As a result of isolation and pandemic restrictions, children spend more time than usual on the internet
The isolation and restrictions imposed by the pandemic, which have moved classes from school to the online environment, have forced children to spend more time than usual on the internet. This situation has had many unpleasant consequences, as revealed by a recent study conducted by the non-governmental organization "Save the Children" Romania. Compared to the situation before the state of emergency, now 59% of Romanian children have the impression that they spend too much time on the internet or using digital devices. Also, for 22% of them, the pandemic period meant facing more situations on the Internet that disturbed them or made them believe that they should not have discovered that content.
Parents' fears have also intensified, with 55% of them being more concerned than in the past that children could come into contact on the internet with adults trying to exploit or sexually abuse them, while 48% are more concerned that their children may be the victims of inappropriate messages. Some of these conclusions were drawn from complaints that "Save the Children" received through an online tool dedicated to reporting harmful internet content. Available on the oradenet.ro website, the esc_ABUZ form led to an alarming conclusion, as we learn from Andreea Hurezeanu, the coordinator of the online security program for minors, run by the Save the Children organization:
"More than 1,500 complaints were received in 2020. And 72% of them were about materials showing sexual abuse of children, child nudity or children in sexualized poses. As in previous years, in an overwhelming proportion - around 85% - the victims were female. And in terms of age, in 8% of the cases the children were up to 5 years old, and 76% were children between 6 and 10 years of age. The 11-14 age bracket accounted for 14% of the reports, and 2% focused on adolescents between the ages of 15 and 18.
The monitoring did not focus on social media in particular. It took into account all websites accessed by children and then reported as being too accessible to the minors that navigate the internet. Given this situation, how can parents protect their children? Andreea Hurezeanu makes some recommendations:
"In most cases, parents are not aware that there are parental control programs that help children access content that is appropriate for minors. Because of that, all kinds of images and videos that are not suitable for children, but which still exist on the internet, happen to be accessible. That's why it's very important for adult users to report when they find such disturbing content. Especially in the context in which the pandemic forced us to spend more time surfing the internet, the excessive time spent by children in the online environment is a first risk. As they spend more time on the internet, they may face situations such as cyberbullying (harassment or aggression on the internet), sexting, internet addiction, access to fake news, etc. All of these are dangers to which children can be exposed on the internet. For example, cyberbullying is extremely common through online harassment, verbal aggression, and Romania holds one of the leading places in the EU in terms of cyberbullying among children."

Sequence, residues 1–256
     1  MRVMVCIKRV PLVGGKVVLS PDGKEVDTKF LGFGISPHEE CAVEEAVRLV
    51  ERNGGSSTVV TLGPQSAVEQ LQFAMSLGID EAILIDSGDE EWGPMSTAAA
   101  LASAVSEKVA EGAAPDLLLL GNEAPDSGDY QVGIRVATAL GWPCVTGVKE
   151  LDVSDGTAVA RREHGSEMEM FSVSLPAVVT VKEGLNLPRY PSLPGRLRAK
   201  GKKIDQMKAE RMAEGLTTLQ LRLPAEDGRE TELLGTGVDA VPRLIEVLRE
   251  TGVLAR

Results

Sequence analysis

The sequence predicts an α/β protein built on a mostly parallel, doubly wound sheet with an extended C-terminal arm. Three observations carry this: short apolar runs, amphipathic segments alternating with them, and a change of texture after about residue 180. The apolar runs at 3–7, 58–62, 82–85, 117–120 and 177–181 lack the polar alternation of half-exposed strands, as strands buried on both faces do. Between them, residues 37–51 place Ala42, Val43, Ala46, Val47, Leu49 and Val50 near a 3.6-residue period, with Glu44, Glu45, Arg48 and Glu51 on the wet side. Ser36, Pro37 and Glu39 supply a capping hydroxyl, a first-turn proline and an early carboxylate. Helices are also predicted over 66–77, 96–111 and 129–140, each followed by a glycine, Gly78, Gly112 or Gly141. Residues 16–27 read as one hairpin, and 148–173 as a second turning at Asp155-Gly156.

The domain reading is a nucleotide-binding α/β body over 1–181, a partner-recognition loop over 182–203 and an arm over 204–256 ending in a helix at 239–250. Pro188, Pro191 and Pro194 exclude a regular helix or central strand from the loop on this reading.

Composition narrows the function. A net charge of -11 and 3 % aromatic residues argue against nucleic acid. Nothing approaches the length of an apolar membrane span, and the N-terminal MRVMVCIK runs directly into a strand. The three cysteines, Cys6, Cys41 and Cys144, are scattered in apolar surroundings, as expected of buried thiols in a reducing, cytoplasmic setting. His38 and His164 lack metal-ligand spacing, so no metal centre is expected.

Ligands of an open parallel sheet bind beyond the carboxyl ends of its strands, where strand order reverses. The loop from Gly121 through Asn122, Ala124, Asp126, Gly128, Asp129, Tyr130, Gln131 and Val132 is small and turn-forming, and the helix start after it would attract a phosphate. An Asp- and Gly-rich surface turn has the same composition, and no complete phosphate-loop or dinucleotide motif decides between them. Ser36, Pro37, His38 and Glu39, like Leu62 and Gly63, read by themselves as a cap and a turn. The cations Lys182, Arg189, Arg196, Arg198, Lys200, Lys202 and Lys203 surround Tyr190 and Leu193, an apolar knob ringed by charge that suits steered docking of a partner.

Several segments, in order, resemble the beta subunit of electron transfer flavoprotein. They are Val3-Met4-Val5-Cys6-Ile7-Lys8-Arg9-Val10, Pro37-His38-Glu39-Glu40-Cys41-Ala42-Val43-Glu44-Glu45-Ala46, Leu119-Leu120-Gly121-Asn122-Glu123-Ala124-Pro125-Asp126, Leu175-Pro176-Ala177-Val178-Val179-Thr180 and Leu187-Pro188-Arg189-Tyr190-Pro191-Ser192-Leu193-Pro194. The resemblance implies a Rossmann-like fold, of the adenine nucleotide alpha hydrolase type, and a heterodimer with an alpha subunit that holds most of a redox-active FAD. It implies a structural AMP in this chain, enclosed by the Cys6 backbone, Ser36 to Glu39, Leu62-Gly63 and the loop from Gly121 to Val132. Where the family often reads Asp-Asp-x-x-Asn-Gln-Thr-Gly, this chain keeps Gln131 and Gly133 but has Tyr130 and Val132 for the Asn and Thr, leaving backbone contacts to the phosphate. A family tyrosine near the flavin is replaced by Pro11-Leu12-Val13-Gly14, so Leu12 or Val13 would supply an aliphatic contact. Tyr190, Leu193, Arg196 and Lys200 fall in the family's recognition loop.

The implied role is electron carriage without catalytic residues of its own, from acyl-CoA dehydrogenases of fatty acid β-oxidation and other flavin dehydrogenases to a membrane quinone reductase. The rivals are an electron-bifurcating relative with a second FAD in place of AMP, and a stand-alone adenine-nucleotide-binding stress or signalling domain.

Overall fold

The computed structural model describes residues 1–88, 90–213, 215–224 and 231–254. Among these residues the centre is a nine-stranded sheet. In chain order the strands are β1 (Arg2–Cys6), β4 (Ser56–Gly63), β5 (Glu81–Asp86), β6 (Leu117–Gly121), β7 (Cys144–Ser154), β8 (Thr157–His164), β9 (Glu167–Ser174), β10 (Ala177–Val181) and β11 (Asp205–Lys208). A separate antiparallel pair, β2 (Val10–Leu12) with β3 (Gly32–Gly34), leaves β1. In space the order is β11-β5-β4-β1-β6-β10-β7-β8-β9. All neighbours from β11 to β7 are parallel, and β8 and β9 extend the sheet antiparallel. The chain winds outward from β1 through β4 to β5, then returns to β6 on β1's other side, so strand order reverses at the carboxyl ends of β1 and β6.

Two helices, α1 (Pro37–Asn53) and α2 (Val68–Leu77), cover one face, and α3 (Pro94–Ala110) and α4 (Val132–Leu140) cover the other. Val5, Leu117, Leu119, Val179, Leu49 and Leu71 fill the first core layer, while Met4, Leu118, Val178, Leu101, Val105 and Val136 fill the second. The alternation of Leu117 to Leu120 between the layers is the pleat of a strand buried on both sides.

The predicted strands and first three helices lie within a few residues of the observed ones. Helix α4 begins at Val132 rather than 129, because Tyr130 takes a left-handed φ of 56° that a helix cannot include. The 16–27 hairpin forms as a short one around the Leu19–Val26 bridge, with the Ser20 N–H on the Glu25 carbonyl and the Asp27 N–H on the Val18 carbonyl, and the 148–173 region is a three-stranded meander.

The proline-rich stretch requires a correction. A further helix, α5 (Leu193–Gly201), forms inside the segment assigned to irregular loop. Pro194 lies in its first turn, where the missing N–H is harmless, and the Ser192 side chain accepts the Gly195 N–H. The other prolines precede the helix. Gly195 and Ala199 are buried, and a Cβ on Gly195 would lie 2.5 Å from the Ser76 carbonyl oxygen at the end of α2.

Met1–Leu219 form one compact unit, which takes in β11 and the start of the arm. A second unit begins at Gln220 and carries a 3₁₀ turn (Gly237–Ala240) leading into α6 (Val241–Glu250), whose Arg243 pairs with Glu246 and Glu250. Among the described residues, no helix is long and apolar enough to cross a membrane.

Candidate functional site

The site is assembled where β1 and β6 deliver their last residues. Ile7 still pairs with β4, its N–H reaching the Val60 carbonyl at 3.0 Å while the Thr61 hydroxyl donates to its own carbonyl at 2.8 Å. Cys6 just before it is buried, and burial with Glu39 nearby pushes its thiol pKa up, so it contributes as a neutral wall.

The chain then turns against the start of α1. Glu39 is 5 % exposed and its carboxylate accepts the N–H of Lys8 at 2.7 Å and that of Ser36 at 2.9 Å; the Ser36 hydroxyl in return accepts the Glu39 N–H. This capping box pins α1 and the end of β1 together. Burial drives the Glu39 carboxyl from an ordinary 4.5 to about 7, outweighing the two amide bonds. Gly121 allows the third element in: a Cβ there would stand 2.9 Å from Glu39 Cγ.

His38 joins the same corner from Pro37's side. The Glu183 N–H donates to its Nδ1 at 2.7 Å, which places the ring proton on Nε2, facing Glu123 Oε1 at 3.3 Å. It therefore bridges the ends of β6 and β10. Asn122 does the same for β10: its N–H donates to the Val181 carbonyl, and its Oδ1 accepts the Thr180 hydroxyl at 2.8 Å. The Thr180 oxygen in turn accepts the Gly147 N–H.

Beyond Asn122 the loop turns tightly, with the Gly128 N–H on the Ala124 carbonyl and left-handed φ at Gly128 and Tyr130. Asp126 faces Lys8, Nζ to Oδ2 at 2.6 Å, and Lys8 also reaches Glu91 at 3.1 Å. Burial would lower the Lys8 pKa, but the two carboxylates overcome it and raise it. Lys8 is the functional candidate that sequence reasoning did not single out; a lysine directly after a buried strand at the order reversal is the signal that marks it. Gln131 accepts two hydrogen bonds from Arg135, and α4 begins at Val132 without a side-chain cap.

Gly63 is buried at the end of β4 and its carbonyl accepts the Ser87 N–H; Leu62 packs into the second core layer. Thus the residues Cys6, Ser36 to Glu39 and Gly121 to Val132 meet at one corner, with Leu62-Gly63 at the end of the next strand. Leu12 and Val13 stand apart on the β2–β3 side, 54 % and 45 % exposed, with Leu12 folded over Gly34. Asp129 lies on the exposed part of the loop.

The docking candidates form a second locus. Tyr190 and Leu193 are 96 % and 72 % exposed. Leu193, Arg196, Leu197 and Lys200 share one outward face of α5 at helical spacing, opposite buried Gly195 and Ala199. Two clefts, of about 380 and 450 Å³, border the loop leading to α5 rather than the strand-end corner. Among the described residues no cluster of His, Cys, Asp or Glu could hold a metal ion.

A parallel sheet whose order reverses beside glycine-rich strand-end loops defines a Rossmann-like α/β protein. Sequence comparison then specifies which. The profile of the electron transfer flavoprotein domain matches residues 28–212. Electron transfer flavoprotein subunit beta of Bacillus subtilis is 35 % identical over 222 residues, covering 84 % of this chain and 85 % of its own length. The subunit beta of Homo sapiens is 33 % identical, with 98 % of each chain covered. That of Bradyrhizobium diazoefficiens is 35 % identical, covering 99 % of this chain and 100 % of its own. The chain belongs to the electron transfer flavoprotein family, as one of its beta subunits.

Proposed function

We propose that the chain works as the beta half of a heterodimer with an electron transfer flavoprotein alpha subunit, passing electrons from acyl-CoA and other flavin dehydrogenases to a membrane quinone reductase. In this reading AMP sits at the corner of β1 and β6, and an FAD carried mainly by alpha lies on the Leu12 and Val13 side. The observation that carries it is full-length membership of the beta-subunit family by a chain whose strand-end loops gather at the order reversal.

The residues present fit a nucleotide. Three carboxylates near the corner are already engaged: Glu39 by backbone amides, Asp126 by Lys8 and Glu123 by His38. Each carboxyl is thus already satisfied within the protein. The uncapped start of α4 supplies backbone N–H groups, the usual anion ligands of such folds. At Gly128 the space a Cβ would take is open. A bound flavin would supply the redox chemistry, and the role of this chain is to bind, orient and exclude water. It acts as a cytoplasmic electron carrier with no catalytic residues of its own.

In addition to parental control programs and post-factum complaints, parent-child communication and the cultivation of children's trust in adults are other ways to reduce the high risks of surfing the Internet. Andreea Hurezeanu once more:
"First and foremost, we advise parents to maintain an open communication with their children. This is the main advantage that parents have in managing the relationship that minors have with what happens on the internet. If there is an open relationship and a permanent communication between the child and the parent, the child will have the courage to tell their mother, father or other people they trust about the unpleasant events they witnessed on the internet. Besides setting up a parental control program, there is a need to maintain an open parent-child relationship, gather information about the risks on the internet and discuss these dangers with minors. Also, through a friendly relationship with children, parents can help them overcome difficult and unpleasant moments caused by certain problems that arise online."
Precisely to reduce the number of such problems, "Save the Children" has launched the "Unskippable Stories" information campaign. The campaign features a series of six audio-video clips depicting conversations between abusers and victims, inspired by real-life situations. They will be broadcast online, on various social networks, in the form of short messages, which cannot be deactivated or ignored, just as the stories of children victims of internet abuse cannot be overlooked. (MI)